What I’m trying to say is it’s not just partnerships with corporations or startups. It’s partnerships with individuals: with individual researchers and with developers. My hope is that our other open-source platforms, like the AI Fairness 360 toolkit [which offers resources for addressing bias in machine learning], will also attract a lot of researchers around the world to make it better and then use it. Same with the open-source blockchain platform: IBM contributes, academics contribute, and then multiple corporations can use the platform and build on top of it. Partnerships are a new way of doing research.
Corrections: Sophie Vandebroek has served on the MIT dean’s advisory committee for a decade, not decades. The MIT-IBM Watson AI Lab is celebrating its second anniversary this September, not last.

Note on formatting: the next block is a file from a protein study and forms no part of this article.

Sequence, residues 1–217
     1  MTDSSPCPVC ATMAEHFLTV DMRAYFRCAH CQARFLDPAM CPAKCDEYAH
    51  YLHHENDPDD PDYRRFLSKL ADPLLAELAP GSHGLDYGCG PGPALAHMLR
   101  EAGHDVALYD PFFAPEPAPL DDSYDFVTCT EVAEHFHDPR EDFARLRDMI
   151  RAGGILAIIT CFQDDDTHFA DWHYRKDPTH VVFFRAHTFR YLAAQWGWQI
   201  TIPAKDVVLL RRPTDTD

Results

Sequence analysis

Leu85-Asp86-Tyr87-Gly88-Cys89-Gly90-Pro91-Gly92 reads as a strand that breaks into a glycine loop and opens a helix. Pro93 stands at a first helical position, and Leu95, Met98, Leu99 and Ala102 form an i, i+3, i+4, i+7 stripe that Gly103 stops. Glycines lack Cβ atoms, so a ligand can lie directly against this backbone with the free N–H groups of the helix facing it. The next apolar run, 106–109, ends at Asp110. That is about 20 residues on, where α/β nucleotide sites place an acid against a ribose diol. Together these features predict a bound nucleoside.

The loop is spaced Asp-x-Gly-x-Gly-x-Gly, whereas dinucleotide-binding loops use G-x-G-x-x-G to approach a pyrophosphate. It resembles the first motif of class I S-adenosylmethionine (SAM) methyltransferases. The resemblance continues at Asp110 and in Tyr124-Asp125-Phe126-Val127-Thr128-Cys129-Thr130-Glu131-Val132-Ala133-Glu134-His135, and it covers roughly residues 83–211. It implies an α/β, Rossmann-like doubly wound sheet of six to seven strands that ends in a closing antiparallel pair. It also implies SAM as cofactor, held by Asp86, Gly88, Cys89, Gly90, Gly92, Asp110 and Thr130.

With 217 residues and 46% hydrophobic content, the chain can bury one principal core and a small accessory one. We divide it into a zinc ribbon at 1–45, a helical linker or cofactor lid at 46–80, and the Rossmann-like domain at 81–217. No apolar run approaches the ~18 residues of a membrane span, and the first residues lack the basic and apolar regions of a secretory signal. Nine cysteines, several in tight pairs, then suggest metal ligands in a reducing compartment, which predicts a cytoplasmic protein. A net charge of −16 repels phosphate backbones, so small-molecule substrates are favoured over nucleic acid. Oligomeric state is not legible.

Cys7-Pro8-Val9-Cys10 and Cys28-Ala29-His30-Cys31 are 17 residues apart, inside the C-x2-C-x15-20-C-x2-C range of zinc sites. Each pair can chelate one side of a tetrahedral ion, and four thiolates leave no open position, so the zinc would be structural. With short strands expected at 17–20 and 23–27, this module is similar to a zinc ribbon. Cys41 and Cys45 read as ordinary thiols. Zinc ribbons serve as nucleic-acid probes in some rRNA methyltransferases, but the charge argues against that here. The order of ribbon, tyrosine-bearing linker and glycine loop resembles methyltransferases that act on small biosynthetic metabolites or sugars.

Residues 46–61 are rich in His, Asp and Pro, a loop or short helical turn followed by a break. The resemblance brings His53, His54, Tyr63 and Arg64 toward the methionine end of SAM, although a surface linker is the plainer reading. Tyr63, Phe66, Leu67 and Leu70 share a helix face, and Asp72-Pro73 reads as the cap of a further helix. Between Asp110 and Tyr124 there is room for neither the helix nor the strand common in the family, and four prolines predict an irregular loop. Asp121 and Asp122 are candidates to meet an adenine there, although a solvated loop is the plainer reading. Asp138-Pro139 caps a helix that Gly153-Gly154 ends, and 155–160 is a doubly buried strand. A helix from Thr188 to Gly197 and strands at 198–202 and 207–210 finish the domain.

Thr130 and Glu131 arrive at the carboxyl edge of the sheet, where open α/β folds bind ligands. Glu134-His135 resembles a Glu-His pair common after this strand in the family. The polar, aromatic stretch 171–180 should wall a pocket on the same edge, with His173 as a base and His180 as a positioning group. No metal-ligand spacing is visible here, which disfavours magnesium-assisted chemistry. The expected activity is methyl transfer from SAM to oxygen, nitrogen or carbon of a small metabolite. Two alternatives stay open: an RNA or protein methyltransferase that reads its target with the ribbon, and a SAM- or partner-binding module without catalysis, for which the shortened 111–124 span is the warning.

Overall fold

This new data poisoning tool lets artists fight back against generative AI
The tool, called Nightshade, messes up training data in ways that could cause serious damage to image-generating AI models.
Rogue superintelligence and merging with machines: Inside the mind of OpenAI’s chief scientist
An exclusive conversation with Ilya Sutskever on his fears for the future of AI and why they’ve made him change the focus of his life’s work.
Driving companywide efficiencies with AI
Advanced AI and ML capabilities revolutionize how administrative and operations tasks are done.
Unpacking the hype around OpenAI’s rumored new Q* model
If OpenAI's new model can solve grade-school math, it could pave the way for more powerful systems.
Get the latest updates from
MIT Technology Review
Discover special offers, top stories, upcoming events, and more.